Patch, Schmatch! It’s the end of a chapter!

If you’ve been with me for awhile, you know that Meredith was diagnosed with amblyopia when she was three. She was super-farsighted in her right eye, and her brain had pretty much turned off the switch in her left eye. To get her left eye working again, she started wearing a patch over her right eye.

The Patch.

This is Meredith when we first started patching. What a cute three year old! Argh!

A week or so after we started patching, her glasses came in, and she started doing this thing where she would close her eyes because she thought if she couldn’t see us, we couldn’t see her.

This is how she rebels against the eyewear.

She was a total good sport about the patching. I think she even wore the patch to school a few times, even though I promised her that I would never make her do that if it made her uncomfortable.

The Good Sport

(I found this sort of interesting. If a child approached her while she was wearing her patch, more often than not, the child would ask, “Why are you wearing a patch?” If an adult approached her, the adult would look right over her head and ask me “What’s wrong with her?” This normally took place at the grocery store by our house—the store where the ill-mannered elderly often shop. Also, they don’t sell chipotle chiles in adobo sauce there, and it drives me crazy! Anyway.)

Struggles with Zipping

(Side story: We always let Meredith choose her own frames, because we want her to be happy to wear her glasses. The frames in the above photo (better seen here) were more expensive than any other pair we’ve purchased. When I asked why, I was told that the tiny ladybugs on the nose and sides were handpainted by elderly German artisans. True story. My shoes were probably sewn by a four year old in China, and Meredith’s glasses were painted by an 80 year old in Munich. We Are The World.) There were months when we patched for six to eight hours per day. Sometimes two to four hours per day. For the past six months, we were asked to patch “for a few hours two or three times each week or so.”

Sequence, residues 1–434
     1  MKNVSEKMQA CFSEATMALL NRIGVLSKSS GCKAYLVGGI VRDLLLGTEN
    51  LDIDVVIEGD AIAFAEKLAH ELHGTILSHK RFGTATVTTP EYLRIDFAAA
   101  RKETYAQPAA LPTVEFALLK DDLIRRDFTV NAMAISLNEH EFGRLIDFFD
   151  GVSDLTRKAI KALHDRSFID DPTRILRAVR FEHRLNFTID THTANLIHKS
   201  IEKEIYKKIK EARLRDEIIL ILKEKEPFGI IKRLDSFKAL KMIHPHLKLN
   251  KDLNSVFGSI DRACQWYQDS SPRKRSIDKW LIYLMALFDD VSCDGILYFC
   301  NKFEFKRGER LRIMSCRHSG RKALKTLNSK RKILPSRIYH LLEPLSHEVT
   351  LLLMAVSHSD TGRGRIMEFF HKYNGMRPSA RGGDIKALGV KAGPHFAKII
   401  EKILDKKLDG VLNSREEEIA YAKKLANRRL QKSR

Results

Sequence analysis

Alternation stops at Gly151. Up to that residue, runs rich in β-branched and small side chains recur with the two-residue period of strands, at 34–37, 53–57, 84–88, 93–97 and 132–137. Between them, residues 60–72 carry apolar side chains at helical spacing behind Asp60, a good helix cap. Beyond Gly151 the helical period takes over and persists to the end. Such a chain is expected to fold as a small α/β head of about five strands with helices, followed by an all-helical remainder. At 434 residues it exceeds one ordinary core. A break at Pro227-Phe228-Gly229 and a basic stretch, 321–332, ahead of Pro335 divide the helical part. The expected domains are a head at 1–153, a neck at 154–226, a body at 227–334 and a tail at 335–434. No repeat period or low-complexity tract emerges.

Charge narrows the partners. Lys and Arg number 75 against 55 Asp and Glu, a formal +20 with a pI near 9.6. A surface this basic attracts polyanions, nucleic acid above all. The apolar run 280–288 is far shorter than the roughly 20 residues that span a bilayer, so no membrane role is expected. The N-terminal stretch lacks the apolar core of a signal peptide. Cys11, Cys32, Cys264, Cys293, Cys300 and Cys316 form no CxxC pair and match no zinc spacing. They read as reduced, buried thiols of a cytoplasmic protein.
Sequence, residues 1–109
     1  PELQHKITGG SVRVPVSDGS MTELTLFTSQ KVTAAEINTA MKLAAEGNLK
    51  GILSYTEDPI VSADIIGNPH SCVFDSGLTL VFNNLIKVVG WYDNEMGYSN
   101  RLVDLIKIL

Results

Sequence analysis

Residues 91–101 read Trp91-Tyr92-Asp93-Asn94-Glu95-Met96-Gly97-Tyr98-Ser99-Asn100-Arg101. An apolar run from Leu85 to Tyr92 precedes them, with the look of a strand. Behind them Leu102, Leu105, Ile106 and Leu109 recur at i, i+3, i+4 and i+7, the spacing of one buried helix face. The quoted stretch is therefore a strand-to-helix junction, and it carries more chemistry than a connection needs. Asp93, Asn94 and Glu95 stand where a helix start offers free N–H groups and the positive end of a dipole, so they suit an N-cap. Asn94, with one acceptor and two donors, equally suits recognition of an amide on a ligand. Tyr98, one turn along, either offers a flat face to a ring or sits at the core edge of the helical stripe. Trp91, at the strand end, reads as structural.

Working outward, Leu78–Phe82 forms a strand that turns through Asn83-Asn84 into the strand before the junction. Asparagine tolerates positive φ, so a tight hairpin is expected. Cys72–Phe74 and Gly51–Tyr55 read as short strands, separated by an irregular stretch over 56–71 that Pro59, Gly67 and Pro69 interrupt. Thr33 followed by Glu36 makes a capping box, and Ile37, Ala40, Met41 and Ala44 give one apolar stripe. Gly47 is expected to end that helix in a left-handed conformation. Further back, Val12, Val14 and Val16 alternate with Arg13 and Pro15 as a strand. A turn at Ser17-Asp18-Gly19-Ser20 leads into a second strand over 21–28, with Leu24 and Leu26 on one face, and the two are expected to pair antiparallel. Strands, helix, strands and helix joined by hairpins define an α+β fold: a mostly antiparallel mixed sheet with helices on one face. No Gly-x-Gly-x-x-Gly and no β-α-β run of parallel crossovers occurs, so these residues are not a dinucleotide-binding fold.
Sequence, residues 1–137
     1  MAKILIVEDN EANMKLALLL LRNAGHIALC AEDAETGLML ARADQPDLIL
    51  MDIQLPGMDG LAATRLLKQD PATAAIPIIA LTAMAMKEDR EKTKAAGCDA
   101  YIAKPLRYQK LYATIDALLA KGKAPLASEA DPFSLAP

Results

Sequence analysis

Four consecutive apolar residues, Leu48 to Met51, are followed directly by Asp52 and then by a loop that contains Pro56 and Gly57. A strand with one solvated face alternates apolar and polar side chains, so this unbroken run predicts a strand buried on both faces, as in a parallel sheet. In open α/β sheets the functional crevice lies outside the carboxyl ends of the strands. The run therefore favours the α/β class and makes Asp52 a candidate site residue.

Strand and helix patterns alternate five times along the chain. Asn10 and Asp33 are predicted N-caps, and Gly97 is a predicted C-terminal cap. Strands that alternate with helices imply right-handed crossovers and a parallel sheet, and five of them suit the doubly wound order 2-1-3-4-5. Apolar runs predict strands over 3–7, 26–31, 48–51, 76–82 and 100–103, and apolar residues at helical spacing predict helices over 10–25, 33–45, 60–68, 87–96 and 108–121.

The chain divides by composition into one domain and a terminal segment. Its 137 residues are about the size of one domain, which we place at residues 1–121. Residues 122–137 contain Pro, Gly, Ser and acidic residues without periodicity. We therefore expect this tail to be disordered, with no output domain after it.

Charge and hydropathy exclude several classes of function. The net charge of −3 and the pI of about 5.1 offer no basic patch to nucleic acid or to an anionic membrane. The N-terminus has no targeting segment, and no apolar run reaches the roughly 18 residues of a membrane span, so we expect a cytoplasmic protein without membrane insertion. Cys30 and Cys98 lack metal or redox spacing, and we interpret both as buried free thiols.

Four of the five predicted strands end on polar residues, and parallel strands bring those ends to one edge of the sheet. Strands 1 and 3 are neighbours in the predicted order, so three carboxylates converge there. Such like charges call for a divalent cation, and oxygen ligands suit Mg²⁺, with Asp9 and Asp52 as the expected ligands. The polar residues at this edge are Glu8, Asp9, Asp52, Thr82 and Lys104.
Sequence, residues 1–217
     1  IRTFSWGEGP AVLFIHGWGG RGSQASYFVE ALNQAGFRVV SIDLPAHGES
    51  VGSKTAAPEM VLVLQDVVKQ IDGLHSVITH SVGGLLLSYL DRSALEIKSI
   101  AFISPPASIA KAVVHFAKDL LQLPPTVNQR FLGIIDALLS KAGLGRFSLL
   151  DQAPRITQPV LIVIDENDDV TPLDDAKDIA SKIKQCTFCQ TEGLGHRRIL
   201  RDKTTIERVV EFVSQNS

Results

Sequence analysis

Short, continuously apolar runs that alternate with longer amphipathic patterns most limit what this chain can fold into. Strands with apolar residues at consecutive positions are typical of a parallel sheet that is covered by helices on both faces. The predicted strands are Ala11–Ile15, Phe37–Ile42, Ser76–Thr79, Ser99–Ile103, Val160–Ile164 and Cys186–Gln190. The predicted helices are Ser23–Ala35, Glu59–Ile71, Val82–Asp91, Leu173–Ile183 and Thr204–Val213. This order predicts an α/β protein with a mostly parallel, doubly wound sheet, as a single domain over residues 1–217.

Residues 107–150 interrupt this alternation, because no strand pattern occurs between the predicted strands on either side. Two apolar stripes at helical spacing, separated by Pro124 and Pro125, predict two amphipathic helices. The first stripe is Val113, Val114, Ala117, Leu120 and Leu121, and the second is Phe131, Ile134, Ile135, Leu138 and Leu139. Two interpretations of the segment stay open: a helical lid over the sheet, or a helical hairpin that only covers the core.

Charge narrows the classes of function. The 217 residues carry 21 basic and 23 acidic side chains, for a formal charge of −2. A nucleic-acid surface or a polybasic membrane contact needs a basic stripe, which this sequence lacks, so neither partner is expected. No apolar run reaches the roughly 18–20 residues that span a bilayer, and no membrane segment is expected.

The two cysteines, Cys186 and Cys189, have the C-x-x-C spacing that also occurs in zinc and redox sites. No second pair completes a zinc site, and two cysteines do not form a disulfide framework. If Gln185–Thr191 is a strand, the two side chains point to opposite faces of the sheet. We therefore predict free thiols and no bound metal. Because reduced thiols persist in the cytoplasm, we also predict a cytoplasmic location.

Meredith, Mona, and Junie B.

This morning, Meredith had an appointment with her pediatric ophthalmologist. Her quality of vision showed no change with the sporadic patching during the past six months. Because of this, I’m pleased to report that we will no longer be patching. (Obviously, if her vision had improved, we would be happy to continue with the patching to see if the improvements would continue. However, the articles I’ve read state that improvements are seen less often after a child reaches the age of seven. We Are Average, and with 20/40 vision with her glasses on, we’ll accept Average.)


We’ve come a long way. High fives to MC’s doctor, high fives to the kind folks at Patch Pals, and high fives to Meredith for being a Super Trooper and never converting the patch into an albatross. ‘ ‘ ‘text/javascript’>

24 thoughts on “Patch, Schmatch! It’s the end of a chapter!”

  1. I cannot believe how grown up she is these days! Goodbye to the patch, and what a good attitude she has. I think it’s an indicator of an awesome kid and some awesome parents.

  2. My sister had to patch when she was in kindergarten, but there were no cute patches back then. She got to choose from “black” or “flesh”. It was definitely an albatross for her. I wasn’t so great at mentoring when I couldn’t relate, and I never needed glasses, so I had no helpful advice for my little sister. She eventually just stopped wearing the patch. I think the eye strengths were way closer than in Meredith’s case.